meaning that it was under-damped. This explains why the
under-damped signal oscillated for several cycles of its
oscillation frequency. It is evident that the damping
coefficient makes a considerable difference to the output
signal of the Class E circuit.
Fig. 3. A Step response with damping ratios of 0.1 and 0.9 applying to the
higher and lower curve respectively.
This effect was further investigated through a series of
circuit simulations in SABER with a digital clock input
signal. The load resistance R was kept constant at 500Ω, as
was the forced oscillation frequency of 403MHz. The
relationship between the damping coefficient and circuit
efficiency is presented in Fig. 4, showing that the lower the
damping coefficient, the higher the efficiency of the circuit.
As an under-damped system with periodic step inputs,
superposition occurs cycles after each change in the digital
carrier signal. Due to the fact that there is no change in
phase, the oscillations constructively superimpose to
increase the overall output power of the signal and therefore
higher circuit efficiency at lower values of ζ.
The next parameter considered was the output resistance R
and the MOSFET channel lengths and widths. R was varied
while ζ was kept constant at 0.1 and the forced oscillating
frequency at 403MHz. The simulations were conducted with
three different transistor settings. From the results plotted in
Fig 5, it is evident that the efficiency of the class E circuit
peaks according to the relationship between R and the
parameters of the transistors in use. In reality R will vary
according to transmission conditions, however the circuit
can be optimized for a particular value of R which is likely
to be the most common load resistance to the class-E
Fig. 4. The effect of the damping factor ζ on efficiency (η) with R =500Ω,
VDD= 3V, lchannel=500nm, widthp-channel=20µm, widthn-channel=10µm.
Fig. 5. The effect of the load resistance R on efficiency η with a constant ζ
of 0.1 and VDD of 3V and varying the scale of the MOSFET channel widths,
widthp-channel/widthn-channel while keeping the channel length 500nm.
It was mentioned in section II that C1 was approximately the
same as C2, and that C2 serves the purpose of blocking DC
volts from entering the output. A number of simulations
have been conducted to show a relationship between C2 and
C1. C1 was kept constant at 0.157 pF and C2 was varied as
shown in Fig. 6. It may be observed that when C2 is close to
the value of C1 a maximum transfer of energy takes place.
This is because the voltage at the junction between C2 and L
approaches zero. As C2 exceeds C1 the efficiency drops and
then plateaus to a constant value, meaning that C2 needs to
be the same value as C1 (which is in resonance with L) to
successfully drive the average voltage across C1 to 0V at the
highest frequency. Fig. 6 also shows the variation of C1
while keeping C2 constant. This plot shows the efficiency
rapidly decrease when C1 is increased to be higher than C2.
This occurs because as C1 exceeds the value of C2, C2 is no
longer large enough to drive the average voltage between L
and C2 down to zero, meaning that the excess DC energy is
dissipated through R, which is detrimental to the efficiency
of the circuit.
Fig . 6. Variations in C1 and C2 with VDD=3V, ζ=0.1, R=500Ω, L=982nH,
MOSFET channel length 500nm, widthp-chan/widthn-chan=20µm/10µm. a) The
effect of varying C1 while keeping a constant C2 at 0.157pF. b) The effect
of varying C2 while keeping a constant C1 at 0.157pF.
An important factor in complying with the MICS standard
is for the transmission signal to remain below 25µW. Thus,
the effect of VDD was investigated. It is evident from Fig. 7
that for lower values of VDD, circuit efficiency is highly
dependant on the input power, but as VDD exceeds a certain
value, its value becomes less significant. By comparing Fig.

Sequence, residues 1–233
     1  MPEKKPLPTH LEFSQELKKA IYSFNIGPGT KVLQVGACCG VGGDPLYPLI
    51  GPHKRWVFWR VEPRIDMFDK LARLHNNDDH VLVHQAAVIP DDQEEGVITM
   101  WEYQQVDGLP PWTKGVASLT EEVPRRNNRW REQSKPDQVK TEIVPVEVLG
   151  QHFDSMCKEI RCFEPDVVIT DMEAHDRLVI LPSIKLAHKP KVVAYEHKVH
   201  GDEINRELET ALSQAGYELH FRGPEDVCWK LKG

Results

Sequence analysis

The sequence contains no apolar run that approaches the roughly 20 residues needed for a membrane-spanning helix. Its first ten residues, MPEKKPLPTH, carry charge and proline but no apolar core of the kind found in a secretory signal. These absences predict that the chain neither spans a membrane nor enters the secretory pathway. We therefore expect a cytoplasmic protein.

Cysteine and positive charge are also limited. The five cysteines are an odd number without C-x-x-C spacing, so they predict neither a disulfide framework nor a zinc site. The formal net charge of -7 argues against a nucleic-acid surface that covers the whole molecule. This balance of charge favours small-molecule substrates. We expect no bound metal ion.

5 with Fig. 7 it is evident that balancing VDD and R is
Fig. 7. The effect of the damping factor VDD on efficiency (η) with R
=500Ω, ζ= 0.1 (C1=C2=0.157pF, L=982nH), lchannel(n,p)=500nm, widthp-
important in controlling the efficiency of the circuit and also
the output power such that it complies with the MICS
It was predicted in Section II that PSK would have an
almost identical efficiency to an un-modulated signal. The
Class E transmitter given in Fig. 2 was simulated in PSK and
OOK (plots shown in Fig. 8 and 9 respectively) modes to
indicate the efficiency of each method.
The simulation results show that the efficiency of the un-
modulated circuit (with VDD = 3V, ζ= 0.1 and R =500 Ω) is
66.9%, while the efficiency of the PSK circuit is 25.9%. The
difference may be explained by the presence of an XOR
gate, which comprises 20 additional transistors. The
efficiency of the OOK signal was simulated to be 32.7%,
which is just less than half the efficiency of the un-
modulated circuit. Considering the fact that the XOR was
not in operation during the OOK or the un-modulated
circuit, the results are close to what was expected. An FSK
signal was simulated with the two signal frequencies
269MHz and 403MHz. The efficiency of this circuit was
29%. As shown in Fig 10, there is a noticeable difference
between the two frequencies; however the circuit has been
optimized for 403MHz. This is the reason why the efficiency
is not similar to the un-modulated value of 66.9%.
The transmitter consumes 75 µW at 0.8 VDD (with the
output signal, Pout = 2.25 µW) and 2.2 mW at 3V (Pout =
941µW) when operating at the MICS band. To meet the
MICS regulation for the transmitted power, the VDD should
be kept low. In the case of 27 MHz ISM, the power
consumptions 9.16 µW (Pout = 0.243µw), 18.5 µw (Pout =
0.592µW), 479 µW (Pout = 44µW), 4.22 mW (Pout =
300µW) for supply voltages of 0.8V, 1V, 3V and 5 V
respectively. The damping factor was ζ = 0.08 and data rate
was 300 Kbps.
A data transmitter using class-E oscillator for telemetry
has been optimized with a second order system. A circuit has
been designed to verify the effect of the damping factor on
the operation of Class E. A transmitter circuit is designed
based on the recently available MICS band. Generation of
modulations schemes such as OOK, FSK and PSK have
been discussed. When modeling the load network of the
amplifier as a second order system, several parameters were
noticed to make a considerable difference to the output of
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Fig. 8. A simulation plot of the output of the PSK circuit (403MHz)
Fig. 9. A simulation plot of the output of the OOK modulated circuit.
Fig. 10. Output plots of a FSK signal. a) Time transient signal. b)